with Maslow. This is demonstrated by nursing's role in meeting the needs of the patient.

- Maslow's physiological, safety, and security needs are addressed by Nightingale's 13 Canons.

- Maslow's love/belonging and self esteem needs are addressed by Nightingale's Function of Nursing.

- Maslow's self actualization level is addressed by Nightingale's Place of Women in Society.

(Selanders, 2010)

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• Jean Watson Model on Caring - This model is also based on the environment and

the need for harmony to promote health or prevent disease.

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ConclusionFlorence Nightingale is often overlooked because she

is viewed as "what was." In reality, her contribution was wisdom through vision. She prompted the question, "What is nursing?" and "What is the nursing profession?" These questions have been researched extensively but still are relevant and are not totally answered today.

(Chitty & Black, 2011)

(Selanders, 2010)

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Resources:Alligood, M. R., & Marriner Tomey, A. (2010). Nursing Theorists and Their Work (Seventh

ed., pp. 71-84).

Chitty, K.K., & Black, B.P. (2011). Professional nursing: Concepts and challenges (6th ed.) Maryland Heights, MO: Saunders

Domrose, C. (2011). Healing force: Florence Nightingale's teachings crossed Atlantic and the mason-dixon line during the American civil war. Retrieved from http://www.nurse.com/apps/pbcs.dll/article?AID=2011110622001

Florence Nightingale, (1860). Nursing-Resource.com.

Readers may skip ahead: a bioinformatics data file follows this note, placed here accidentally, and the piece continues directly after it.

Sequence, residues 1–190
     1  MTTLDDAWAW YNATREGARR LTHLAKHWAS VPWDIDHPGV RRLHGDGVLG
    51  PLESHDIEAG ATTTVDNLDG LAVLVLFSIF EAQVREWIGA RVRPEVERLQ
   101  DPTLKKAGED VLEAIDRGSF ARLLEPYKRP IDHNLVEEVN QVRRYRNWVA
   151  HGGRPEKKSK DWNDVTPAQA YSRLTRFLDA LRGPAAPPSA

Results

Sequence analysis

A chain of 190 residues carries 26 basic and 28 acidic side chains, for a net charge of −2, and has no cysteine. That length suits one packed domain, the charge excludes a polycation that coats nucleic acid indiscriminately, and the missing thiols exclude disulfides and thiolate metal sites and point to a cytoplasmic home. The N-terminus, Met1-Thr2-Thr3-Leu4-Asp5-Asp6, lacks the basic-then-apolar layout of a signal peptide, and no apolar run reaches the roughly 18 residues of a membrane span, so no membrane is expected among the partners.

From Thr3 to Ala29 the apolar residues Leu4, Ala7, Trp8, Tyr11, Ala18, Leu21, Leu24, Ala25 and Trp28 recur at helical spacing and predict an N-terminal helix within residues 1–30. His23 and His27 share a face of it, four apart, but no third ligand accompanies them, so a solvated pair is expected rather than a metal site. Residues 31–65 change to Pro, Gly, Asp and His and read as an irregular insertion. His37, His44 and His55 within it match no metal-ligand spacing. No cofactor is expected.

Lee, G., Clark, A. M., & Thompson, D. R. (2013). Florence Nightingale - never more relevant than today. Journal of Advanced Nursing, 69(2), 245-246. doi:http://0-dx.doi.org.libcat.ferris.edu/10.1111jan.12021

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Resources Cont....Loser, P. (2013). Metaparadigm Concepts: Nursing. In College of New Jersey. Retrieved

February 13, 2013, from http://nursing.pages.tcnj.edu/about/mission-philosophy/metaparadigm-concepts/#header

Masters, Kathleen. Role Development in Professional Nursing Practice. Sudbury, MA: Jones and Bartlett Publishers, 2009. 75. Web. 13 Feb. 2013. <http://nursing.jbpub.com/roledevelopment>.

Selanders, L.C. (2010). The power of environmental adaptation: Florence Nightingale's original theory for nursing practice. Journal of Holistic Nursing, 28, 81. doi: 10.1177/0898010109360257

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Case Study1. You are a new nurse in orientation with a preceptor on the general medical-surgical floor of a 25 bed ward. You come in at the start of your night shift with a patient load of five patients. When you start your patient rounds you find that three of your patients haven't had a shower in three days, two of your patients dinner trays are still on their bedside tables, and there hasn't been any Intake or output charted on any patient since the admission charting.

What do you see that doesn't fit into the concepts of Florence Nightingale's theory of nursing?

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Cont....2. The next night you come into work for your shift on the same unit. Tonight you have four different patients. When you get report from the day nurse she informs you that the patient in room two has been complaining of the unit being very noisy. When you go into room two to do your assessment Mr. Smith is very upset because he has been woken up multiple times throughout the day due to noise and nurses laughing in the hallway. He also mentions that no one would help him with his shower today.

Is this patient response an appropriate response to how patients should respond to a hospital stay according to the

concepts of Florence Nightingale's nursing theories?

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Cont....3. The third night you come into your night shift to five

patients again. You get report on your patients and then start your rounds. You find that all of your patients have been bathed, fresh bedding, intake and output are up-to-date, the hallways remain quite, two of your patients are visiting with family at the bedside, and the other three of your patients are resting comfortably without complaints or concerns.

Does this patient assignment assessment follow the nursing theory concepts of Florence Nightingale?